legal personality, tax exempt status or the like.
Such property will be accounted for seperately and held in
trust for Debian.
SPI does not spend money or otherwise dispose of or use
Debian's property without permission from Debian, which may be
granted by the Project Leader or by General Resolution of the
SPI will consider spending money or disposing of Debian's
property when asked to do so by the Project Leader.
SPI will spend money or dispose of Debian's property when
asked to do so by a General Resolution of the Developers.
SPI has no authority regarding Debian's technical or
nontechnical decisions, except that no decision by Debian with
respect to Debian's property held by SPI shall require SPI to
act outside its legal authority, and that Debian may
occasionally use SPI as a decision body of last recourse.
Debian has authority over SPI other than that over Debian's
property, as described above.
A. Standard Resolution Procedure
These rules apply to communal decisonmaking by committees and
plebiscites, where stated above.
The formal procedure begins when a draft resolution is proposed and
seconded, as required.
A.1. Discussion and Amendment
Following the proposal, the resolution may be discussed.
Amendments may be made formal by being proposed and seconded
(requirements as for a new resolution).
A formal amendment may be accepted by the proposer, in which case
the formal resolution draft is immediately changed to match.
If a formal amendment is not accepted, or one of the seconders of the
resolution does not agree with the acceptance by the proposer of a
formal amendment, the amendment remains and will be voted on.
If an amendment accepted by the original proposer is not to
the liking of others, they may propose another amendment to
reverse the earlier change (again, they must meet the
requirements for proposer and seconder(s).)
A.2. Calling for a vote
The proposer of a motion or an amendment may call for a vote,
providing that the minimum discussion period (if any) has
The proposer of a motion may call for a vote on any
or all of the amendments individually or together; the
proposer of an amendment may call for a vote only on that
amendment and related amendments.
The minimum discussion period is counted from the time the
last formal amendment was accepted, or the last related formal
amendment was accepted if an amendment is being voted on, or
since the whole resolution was proposed if no amendments have
been proposed and accepted.
A.3. Voting procedure
Each independent set of related amendments is voted on in a
separate ballot. Each such ballot has as options all the
sensible combinations of amendments and options, and an option
Further Discussion. If Further Discussion wins then the
entire resolution procedure is set back to the start of the
When the final form of the resolution has been determined it
is voted on in a final ballot, in which the options are Yes,
No and Further Discussion. If Further Discussion wins then
the entire procedure is set back to the start of the
The vote taker (if there is one) or the voters (if voting is
done by public pronouncement) may arrange for these ballots to
be held simultaneously, even (for example) using a single
voting message. If amendment ballot(s) and the final ballot
are combined in this way then it must be possible for a voter
to vote differently in the final ballot for each of the
possible forms of the final draft resolution.
The votes are counted according to the Concorde Vote Counting.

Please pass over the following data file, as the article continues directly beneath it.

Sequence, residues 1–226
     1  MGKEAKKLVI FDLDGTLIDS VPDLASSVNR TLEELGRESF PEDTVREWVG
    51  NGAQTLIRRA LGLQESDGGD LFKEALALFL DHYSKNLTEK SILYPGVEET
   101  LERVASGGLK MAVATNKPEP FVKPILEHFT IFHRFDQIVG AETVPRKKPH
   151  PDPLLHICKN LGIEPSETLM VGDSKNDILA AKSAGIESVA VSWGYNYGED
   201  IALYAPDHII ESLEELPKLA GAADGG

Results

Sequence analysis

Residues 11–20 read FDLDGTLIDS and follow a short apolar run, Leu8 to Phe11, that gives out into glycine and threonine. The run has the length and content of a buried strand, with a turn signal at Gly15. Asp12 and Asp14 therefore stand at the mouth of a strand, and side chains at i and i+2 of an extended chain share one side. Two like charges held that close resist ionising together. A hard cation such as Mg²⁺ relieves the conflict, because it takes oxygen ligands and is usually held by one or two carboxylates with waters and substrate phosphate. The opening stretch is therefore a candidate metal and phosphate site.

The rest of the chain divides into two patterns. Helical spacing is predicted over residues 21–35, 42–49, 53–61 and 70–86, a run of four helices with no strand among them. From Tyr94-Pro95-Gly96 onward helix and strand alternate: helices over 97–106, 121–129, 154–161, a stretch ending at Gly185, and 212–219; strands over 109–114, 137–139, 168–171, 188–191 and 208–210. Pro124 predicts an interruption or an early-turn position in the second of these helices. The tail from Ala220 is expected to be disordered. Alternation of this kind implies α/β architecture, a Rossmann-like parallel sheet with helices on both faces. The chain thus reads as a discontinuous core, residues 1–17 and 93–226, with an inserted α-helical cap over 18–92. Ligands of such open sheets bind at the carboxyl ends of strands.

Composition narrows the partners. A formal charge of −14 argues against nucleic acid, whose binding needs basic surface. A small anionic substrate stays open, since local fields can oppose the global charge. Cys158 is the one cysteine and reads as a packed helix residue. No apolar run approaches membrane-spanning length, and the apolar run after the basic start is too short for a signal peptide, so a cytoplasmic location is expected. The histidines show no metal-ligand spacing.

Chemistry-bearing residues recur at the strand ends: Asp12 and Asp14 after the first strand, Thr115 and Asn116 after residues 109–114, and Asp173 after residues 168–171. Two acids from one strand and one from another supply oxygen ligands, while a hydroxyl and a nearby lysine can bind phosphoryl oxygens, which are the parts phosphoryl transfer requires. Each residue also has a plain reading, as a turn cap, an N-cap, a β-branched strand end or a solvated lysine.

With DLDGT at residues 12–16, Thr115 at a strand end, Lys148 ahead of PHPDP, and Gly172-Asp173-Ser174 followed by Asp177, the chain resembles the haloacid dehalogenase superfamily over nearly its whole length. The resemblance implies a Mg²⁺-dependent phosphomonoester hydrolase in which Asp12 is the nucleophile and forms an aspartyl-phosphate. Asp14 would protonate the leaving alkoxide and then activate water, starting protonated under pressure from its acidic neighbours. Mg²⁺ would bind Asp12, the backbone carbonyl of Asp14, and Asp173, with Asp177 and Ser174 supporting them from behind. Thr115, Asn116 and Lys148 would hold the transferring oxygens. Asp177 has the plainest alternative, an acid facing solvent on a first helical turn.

In cases of doubt the Project Secretary shall decide on
matters of procedure (for example, whether particular
amendments should be considered independent or not).
A.3. Withdrawing resolutions or amendments
The proposer and/or seconder(s) of a resolution or amendment
(unless it has been accepted) may withdraw it. In this case new
proposer(s) and/or seconder(s) may come forward keep it alive, in
which case the first remaining seconder becomes the new proposer
(if the original proposer withdrew) and in any case the other
proposer(s) and/or seconder(s) become seconders.
If a proposed resolution has not been discussed, amended, voted on
or otherwise dealt with for 4 weeks then it is considered to have
A.5. Concorde Vote Counting
This is used to determine the winner amongst a list of
options. Each ballot paper gives a ranking of the voter's
preferred options. (The ranking need not be complete.)
Option A is said to Dominate option B if strictly more ballots
prefer A to B than prefer B to A.
All options which are Dominated by at least one other option
are discarded, and references to them in ballot papers will be
If there is any option which Dominates all others then that is
If there is now more than one option remaining Single
Transferrable Vote will be applied to choose amongst those
The number of first preferences for each option is
counted, and if any option has more than half it is the
Otherwise the option with the lowest number of first
preferences is eliminated and its votes redistributed
according to the second preferences.
This elimination procedure is repeated, moving down ballot
papers to 2nd, 3rd, 4th, etc. preferences as required,
until one option gets more than half of the `first'
In the case of ties the elector with a casting vote will
decide. That elector does not get a normal vote.
If a supermajority is required the number of Yes votes in the
final ballot is reduced by an appropriate factor. Strictly
speaking, for a supermajority of F:A, the number of ballots
which prefer Yes to X (when considering whether Yes Dominates
X or X Dominates Yes) or the number of ballots whose first
(remaining) preference is Yes (when doing STV comparisons for
winner and elimination purposes) is multiplied by a factor A/F
before the comparison is done.
B. Use of language
The present indicative (`is', for example) means that the
statement is a rule in this consitution. `May' or `can' indicates
that the person or body has discretion. `Should' means that it
would be considered a good thing if the sentence were obeyed, but
it is not binding.